From The Blog

Update on Mr. Market’s condition–Changing day to day…outcome uncertain.

This market is as difficult to invest in as I have ever seen in eighteen years of being in this business.  Why do I say that you ask?  Because,...

This market is as difficult to invest in as I have ever seen in eighteen years of being in this business.  Why do I say that you ask?  Because, although hindsight is 20/20 (and that is a big caveat) I cannot remember a time where the market felt so hostage to the economic and particularly the political background as it is now. 

 Ah, I hear you say what about the crisis in 2008?  I believe there are some important differences we as investors need to be aware of:

The market and investor sentiment leading up to 07-08 were very positive; the giddiness felt by most investors was so mistaken, that when the fall began, there were plenty of sellers to be found as the pain intensified from the rescue of Bear Stearns to the collapse of Lehman Brothers and the demise of so many investment firms.

  1. Today however there are plenty of naysayers which seem to have limited the supply of potential sellers in the market.  In fact, retail investors have withdrawn more than 400 billion dollars out of equity mutual funds in the last two years.  In addition, whenever we have gotten a market upswing, the chatter on the street is that institutional investors are very under-invested in the market and have not kept up with their benchmarks in terms of performance.
  2. Technical signals (which give us an idea of either how positive or negative market participants feel, as well as which force may be in control of the market, supply or demand for stocks) have been muddy to say the least!  What I mean by this, is that more often than not in the last six months the indicators I and others look at show continual disagreement as to the direction of the market.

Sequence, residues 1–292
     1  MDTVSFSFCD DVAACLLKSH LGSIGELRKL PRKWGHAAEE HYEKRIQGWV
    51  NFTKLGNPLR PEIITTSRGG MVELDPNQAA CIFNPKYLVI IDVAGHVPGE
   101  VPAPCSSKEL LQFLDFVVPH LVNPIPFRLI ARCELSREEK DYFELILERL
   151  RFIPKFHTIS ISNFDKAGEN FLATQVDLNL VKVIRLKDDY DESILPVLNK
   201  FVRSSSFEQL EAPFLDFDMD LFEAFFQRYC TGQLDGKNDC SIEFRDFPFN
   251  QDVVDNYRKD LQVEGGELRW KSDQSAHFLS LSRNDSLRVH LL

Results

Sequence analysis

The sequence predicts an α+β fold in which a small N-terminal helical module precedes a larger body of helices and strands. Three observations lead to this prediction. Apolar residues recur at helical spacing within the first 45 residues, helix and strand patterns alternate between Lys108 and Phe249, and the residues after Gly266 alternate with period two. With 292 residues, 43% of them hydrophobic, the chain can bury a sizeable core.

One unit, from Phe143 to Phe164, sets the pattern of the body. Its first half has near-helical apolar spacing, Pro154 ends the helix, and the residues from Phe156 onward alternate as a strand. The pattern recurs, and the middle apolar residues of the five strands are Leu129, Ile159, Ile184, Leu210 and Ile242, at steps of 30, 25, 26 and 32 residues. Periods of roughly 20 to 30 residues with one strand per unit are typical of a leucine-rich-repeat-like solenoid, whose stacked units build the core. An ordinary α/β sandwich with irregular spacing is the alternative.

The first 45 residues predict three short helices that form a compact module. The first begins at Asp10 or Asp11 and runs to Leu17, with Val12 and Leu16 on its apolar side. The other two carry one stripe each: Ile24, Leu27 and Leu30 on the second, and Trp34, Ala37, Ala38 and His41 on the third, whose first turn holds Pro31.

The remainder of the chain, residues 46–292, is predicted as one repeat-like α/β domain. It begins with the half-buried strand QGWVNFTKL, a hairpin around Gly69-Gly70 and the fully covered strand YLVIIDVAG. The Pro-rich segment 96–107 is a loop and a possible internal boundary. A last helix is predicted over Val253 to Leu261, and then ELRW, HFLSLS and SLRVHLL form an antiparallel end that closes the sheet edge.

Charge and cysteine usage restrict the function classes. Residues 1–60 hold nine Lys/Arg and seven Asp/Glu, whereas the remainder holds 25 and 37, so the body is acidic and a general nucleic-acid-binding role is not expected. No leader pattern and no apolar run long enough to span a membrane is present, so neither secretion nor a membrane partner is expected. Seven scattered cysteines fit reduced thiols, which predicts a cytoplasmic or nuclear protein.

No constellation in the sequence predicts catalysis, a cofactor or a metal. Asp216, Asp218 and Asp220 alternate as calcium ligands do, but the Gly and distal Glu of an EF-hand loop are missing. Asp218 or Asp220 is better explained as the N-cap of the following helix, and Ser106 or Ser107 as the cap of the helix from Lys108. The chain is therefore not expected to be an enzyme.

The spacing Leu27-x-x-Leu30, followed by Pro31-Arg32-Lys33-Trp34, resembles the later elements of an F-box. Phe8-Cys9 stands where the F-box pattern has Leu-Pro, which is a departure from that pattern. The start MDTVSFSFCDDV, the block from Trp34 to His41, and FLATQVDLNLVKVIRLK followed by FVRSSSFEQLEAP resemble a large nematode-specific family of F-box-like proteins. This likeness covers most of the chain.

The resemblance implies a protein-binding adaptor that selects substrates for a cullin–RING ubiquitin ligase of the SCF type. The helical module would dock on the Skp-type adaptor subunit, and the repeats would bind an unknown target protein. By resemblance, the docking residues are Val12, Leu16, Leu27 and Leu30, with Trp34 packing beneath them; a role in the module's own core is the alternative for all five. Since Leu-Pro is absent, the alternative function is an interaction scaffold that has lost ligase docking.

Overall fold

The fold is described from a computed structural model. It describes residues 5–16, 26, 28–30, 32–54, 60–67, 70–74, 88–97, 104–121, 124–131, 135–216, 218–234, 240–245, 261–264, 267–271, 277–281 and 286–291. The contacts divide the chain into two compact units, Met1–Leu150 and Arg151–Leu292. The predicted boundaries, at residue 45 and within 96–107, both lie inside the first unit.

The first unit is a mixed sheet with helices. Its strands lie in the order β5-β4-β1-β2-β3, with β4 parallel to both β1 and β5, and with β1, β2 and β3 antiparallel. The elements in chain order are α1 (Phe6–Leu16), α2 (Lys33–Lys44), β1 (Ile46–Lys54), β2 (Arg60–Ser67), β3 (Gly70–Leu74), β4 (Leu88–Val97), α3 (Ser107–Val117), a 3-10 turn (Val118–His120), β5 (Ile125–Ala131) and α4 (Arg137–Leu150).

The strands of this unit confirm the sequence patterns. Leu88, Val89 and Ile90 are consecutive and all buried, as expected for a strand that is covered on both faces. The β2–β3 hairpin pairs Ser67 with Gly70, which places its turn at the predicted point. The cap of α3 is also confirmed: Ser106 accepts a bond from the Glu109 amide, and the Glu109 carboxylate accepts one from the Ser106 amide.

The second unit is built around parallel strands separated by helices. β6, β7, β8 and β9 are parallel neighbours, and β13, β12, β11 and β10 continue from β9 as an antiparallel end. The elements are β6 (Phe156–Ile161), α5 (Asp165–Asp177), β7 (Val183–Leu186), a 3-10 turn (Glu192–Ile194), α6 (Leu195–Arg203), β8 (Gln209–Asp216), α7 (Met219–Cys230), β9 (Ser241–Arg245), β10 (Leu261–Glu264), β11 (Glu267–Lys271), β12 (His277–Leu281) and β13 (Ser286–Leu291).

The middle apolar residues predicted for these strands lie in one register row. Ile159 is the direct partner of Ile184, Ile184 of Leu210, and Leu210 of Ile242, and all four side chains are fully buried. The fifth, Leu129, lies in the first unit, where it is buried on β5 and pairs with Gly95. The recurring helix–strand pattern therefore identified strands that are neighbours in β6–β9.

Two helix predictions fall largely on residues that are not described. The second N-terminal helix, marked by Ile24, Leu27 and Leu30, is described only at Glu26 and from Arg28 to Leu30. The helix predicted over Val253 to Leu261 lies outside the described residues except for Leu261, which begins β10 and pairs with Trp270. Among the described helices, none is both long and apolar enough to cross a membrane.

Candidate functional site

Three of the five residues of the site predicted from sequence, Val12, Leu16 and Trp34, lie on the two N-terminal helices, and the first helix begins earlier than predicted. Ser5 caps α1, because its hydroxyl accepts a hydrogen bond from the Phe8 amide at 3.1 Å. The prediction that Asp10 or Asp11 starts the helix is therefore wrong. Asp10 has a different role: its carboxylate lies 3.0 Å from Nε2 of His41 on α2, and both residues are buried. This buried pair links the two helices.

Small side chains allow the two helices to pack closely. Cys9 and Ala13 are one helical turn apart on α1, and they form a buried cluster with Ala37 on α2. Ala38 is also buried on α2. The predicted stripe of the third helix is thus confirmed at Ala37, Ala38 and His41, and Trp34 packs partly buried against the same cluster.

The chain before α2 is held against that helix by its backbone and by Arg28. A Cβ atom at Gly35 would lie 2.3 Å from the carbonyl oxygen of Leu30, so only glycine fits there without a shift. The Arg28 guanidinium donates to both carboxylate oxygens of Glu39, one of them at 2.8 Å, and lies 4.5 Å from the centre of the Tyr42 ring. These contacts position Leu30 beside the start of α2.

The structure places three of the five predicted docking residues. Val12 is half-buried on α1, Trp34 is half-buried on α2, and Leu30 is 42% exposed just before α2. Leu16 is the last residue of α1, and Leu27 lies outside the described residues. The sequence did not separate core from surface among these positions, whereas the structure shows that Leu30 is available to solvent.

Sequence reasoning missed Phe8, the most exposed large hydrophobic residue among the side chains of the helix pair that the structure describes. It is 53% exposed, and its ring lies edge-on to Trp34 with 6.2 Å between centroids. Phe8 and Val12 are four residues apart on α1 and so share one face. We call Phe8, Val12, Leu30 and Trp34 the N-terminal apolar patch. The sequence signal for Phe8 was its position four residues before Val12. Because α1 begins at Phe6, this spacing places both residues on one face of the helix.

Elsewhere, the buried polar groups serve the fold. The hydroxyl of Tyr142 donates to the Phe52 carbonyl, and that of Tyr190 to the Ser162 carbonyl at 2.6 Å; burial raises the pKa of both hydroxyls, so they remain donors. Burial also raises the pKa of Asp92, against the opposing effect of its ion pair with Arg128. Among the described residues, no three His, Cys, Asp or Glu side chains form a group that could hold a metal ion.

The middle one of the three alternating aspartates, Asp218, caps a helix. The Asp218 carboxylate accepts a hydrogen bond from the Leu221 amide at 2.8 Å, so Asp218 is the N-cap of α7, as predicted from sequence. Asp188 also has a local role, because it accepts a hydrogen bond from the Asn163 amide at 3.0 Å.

Given the above, here are some of my thoughts on where the market is and what we should be doing going forward.

  •  I believe the market will continue to be held hostage by headline risk and structural headwinds from Europe and elsewhere in the world.  At the very least I see Europe having tepid to zero growth going forward if not going into outright recession.  This impacts the BRIC nations (Brazil,Russia,India and Chinawhich are export driven economies), slowing their potential growth going forward.
  • The best defense in this environment is to concentrate on stocks and bonds of companies that are paying attractive dividends or interest rates and have strong balance sheets and good business prospects despite the current economic environment.  Stay small and buy partial positions—it does not pay to be a hero in this market.
  • I still hear concern about inflation from clients and a few intransigent money managers (like commodities king Jimmy Rogers).  I am not in this camp and although we continue to have loose monetary policy from the FED, I do not see inflation indicators flashing red.  Most commodities like Copper, Aluminum, Steel, Coal and Natural Gas (oil has been an exception—the Middle East seems to keep a bid under oil with the political turmoil they are experiencing) have collapsed over the last three months hinting at the slowing in the global economy, particularly in China.  As such, I am not a fan of gold in here.  I continue to believe the U.S. is the best house in a bad neighborhood.